Lake Ballinger rezone (click to enlarge – PDF)

Last week, the Mountlake Terrace city council gave its nod of approval (PDF) to a small rezone proposal in the Lake Ballinger neighborhood, an area less than a mile away from the Mountlake Terrace Transit Center at I-5 and 236th St SW.  The rezone is modest– an increase in height limit of 35-feet (3-story) to 50-feet (4-story).  There are already existing four-story structures in the area, built prior to code revisions in 1995 and which have since been grandfathered in.  The amendment once again permits four-story construction that would be conforming to code.

The approved proposal was actually the result of a compromise between the City and some area homeowners, who raised typical NIMBY concerns of traffic, views, etc.  Public testimony against the amendment was sufficient enough to force a revision of the original rezone and require that only properties in the north half of the zone be affected.  According to the City, the compromise protects views from the single-family areas to the east, which are ironically situated between the rezoned district and the freeway station.

More below the jump.

While the rezone makes for a nice gesture to density, it is far from any inkling that resembles a move towards true transit-oriented development, considering the likelihood of the a future light rail station being sited at the transit center.  If anything, the compromise approved by the council is much more emblematic of a desire to preserve the single-family neighborhoods to the east, which are much closer to the freeway station.

At any rate, Mountlake Terrace is in a bit of a pickle if it’s proclaiming the need for density while at the same time approving rezones in odd places.  The challenge with the zoning amendment is that it lacks support for the primary tenets of true TOD build:

  • Significant increase in allowable construction, which is stymied by the modest revision in height limit and no change to other dimensional requirements (PDF), like lot coverage, setbacks, etc.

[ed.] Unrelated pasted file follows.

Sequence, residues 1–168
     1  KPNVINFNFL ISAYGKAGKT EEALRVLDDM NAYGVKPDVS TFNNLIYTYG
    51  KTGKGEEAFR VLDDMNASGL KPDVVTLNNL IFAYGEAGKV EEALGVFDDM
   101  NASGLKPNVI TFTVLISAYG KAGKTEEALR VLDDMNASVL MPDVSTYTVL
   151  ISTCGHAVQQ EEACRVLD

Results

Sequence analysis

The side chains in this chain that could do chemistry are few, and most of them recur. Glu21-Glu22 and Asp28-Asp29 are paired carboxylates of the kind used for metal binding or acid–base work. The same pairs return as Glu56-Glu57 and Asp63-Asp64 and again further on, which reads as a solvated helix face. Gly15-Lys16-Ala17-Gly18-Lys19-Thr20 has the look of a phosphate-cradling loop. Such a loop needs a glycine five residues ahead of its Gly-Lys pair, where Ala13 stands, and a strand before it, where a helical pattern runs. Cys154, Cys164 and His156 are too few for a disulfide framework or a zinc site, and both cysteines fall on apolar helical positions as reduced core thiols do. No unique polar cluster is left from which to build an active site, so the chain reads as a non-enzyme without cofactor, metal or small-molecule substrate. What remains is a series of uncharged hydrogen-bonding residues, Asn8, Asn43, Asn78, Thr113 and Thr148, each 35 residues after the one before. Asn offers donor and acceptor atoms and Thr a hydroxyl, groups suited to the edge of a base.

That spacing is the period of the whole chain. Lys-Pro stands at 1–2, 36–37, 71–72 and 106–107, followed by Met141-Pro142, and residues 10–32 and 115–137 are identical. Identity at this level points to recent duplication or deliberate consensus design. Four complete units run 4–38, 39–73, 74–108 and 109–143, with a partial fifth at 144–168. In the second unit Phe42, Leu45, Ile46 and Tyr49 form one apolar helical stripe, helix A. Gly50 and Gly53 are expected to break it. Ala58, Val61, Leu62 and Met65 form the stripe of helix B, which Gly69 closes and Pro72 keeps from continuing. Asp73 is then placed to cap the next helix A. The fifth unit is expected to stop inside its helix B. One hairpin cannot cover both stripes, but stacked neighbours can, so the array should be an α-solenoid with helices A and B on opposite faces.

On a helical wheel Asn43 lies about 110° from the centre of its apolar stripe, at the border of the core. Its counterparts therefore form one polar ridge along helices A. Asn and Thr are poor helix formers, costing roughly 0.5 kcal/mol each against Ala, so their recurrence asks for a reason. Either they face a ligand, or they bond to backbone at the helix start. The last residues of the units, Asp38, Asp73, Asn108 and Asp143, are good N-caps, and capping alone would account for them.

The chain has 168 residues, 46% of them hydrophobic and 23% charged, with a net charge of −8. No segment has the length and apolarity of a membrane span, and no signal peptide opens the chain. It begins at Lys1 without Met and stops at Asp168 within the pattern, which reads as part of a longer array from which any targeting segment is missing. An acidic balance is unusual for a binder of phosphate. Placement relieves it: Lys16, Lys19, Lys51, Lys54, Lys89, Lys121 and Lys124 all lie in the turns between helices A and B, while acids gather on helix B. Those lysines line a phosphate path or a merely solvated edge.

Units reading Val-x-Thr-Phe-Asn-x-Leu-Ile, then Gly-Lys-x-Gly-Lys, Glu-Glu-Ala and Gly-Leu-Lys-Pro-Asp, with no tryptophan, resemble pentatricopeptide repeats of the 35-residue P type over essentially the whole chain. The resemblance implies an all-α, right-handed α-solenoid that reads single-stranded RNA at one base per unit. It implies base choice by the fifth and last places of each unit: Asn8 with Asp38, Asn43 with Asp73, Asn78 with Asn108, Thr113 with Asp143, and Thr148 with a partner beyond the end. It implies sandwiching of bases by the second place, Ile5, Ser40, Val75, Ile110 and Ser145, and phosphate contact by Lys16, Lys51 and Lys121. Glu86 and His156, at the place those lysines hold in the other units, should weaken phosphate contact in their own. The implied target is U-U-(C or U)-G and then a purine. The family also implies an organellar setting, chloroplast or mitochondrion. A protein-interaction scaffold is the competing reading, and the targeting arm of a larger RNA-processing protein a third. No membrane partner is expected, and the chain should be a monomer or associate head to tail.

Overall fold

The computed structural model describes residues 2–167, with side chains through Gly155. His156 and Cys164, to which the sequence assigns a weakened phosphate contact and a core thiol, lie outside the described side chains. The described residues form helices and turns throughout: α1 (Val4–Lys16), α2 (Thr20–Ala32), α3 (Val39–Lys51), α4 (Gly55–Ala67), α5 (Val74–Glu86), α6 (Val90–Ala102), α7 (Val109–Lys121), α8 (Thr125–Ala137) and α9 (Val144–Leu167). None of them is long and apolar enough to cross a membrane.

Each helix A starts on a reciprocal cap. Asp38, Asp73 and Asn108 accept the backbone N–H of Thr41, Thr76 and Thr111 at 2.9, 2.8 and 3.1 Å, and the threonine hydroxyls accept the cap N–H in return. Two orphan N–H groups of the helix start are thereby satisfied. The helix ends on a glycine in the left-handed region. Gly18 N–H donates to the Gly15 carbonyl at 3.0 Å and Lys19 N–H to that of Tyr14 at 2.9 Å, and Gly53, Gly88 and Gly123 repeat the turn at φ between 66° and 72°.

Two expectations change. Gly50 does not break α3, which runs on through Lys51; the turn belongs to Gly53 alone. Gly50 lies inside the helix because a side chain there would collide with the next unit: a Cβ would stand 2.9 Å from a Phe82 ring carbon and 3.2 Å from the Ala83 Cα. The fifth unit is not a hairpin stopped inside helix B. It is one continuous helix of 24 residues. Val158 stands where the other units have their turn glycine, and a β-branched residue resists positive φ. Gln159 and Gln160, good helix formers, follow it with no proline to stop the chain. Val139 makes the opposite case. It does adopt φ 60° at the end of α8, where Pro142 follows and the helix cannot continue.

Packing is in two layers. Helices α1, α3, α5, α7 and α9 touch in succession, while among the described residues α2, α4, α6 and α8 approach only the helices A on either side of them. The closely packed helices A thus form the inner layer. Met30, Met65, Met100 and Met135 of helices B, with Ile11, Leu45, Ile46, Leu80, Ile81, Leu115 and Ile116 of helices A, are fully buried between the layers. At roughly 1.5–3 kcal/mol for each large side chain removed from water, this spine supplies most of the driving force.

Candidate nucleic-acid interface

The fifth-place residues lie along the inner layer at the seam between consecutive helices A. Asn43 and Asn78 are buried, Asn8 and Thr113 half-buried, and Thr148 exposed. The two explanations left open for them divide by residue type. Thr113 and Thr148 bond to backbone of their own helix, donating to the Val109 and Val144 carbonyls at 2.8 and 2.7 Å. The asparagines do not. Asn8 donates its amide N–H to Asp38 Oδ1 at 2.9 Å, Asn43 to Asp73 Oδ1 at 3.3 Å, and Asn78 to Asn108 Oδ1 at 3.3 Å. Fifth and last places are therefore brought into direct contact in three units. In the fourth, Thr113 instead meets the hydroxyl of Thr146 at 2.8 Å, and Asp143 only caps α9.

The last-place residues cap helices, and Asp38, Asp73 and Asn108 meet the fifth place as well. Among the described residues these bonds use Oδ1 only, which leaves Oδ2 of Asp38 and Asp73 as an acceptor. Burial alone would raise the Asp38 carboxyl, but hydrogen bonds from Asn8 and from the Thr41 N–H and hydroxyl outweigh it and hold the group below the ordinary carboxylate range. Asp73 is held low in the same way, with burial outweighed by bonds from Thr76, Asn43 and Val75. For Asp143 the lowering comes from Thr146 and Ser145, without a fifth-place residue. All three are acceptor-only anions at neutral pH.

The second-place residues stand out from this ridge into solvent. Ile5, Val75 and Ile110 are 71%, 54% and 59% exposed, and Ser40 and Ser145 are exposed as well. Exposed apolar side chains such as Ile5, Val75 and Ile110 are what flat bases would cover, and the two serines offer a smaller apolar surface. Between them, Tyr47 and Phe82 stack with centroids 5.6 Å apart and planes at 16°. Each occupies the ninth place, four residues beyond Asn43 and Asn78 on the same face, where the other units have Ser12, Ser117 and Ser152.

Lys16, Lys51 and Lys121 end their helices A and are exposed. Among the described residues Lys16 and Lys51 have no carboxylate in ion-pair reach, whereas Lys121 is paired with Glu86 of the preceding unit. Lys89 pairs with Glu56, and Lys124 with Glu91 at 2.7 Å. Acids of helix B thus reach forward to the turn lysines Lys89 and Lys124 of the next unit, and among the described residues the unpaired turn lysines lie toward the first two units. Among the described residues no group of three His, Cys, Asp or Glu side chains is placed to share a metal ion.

• Proximity; from Lakeview Drive, the properties at the southeastern-most edge of the rezoned area are still seven-tenths of a mile from the freeway station with an uphill climb to boot.
  • Station access; made difficult by classic suburban street hierarchy and an incomplete grid, as well as a lack of dedicated pedestrian and bicyclist facilities.
  • Decreased parking requirements, which were not considered under the amendment.  Existing parking minimums of 1.0-2.0 spaces/unit plus additional visitor spaces reflect auto-oriented residential housing patterns.
Downtown Mountlake Terrace to the east of the freeway is situated on a more gridded street pattern, as opposed to the curvilinear geometry surrounding Lake Ballinger west of I-5.

While the impetus for the rezone was not primarily for increasing transit-oriented housing, planning language in the amendment documents (PDF) that gives a nod to to transit can confuse the city’s conception and execution of future TOD, which has to be far more aggressive than rezones in neighborhoods like Lake Ballinger.  The downtown area, on the other hand, offers a far more promising microcosm for growth (PDF), albeit small and undeveloped in its current state.

For Mountlake Terrace to pursue a future that is truly transit-friendly, long strides still have yet to be made.  While the Lake Ballinger rezone is a modest nod toward much needed density, it remains insubstantial to the effort that is warranted if the City truly wants to catalyze an impending arrival of rapid transit.

26 Replies to “Mountlake Terrace’s Quest for Density”

  1. I would hold out more hope for the other side of I-5. The houses there are primarily 900 sq ft cinderblock circa WWII. Upzoning that area, as compared to Lake Ballinger, with it’s more traditionally suburban mid-century split levels, should have far less push-back, and they also are much more proximate to retail.

  2. Many commenters on this blog have noted the excessive climbs down to DSTT stations and the limited walksheds of future Link stations like Roosevelt and Northgate. Mountlake Terrace is truly a marvel in both these regards. From 236th to the platforms it’s about a quarter-mile walk over the freeway. And that’s to a street with positively nothing on it. Given the footprint of the freeway and its ramps, what of significance could ever be located in its walkshed? There’s a golf course to the southwest and a cul-de-sac neighborhood to the northwest, so the best we can ever hope for west of the freeway is a bridge from the cul-de-sac (for the small amount of good it would do its neighbors would likely oppose it bitterly). To the east is an abandoned elementary school and woods that help shield nearby neighborhoods from freeway noise. I have a feeling any development there would be pretty controversial, too.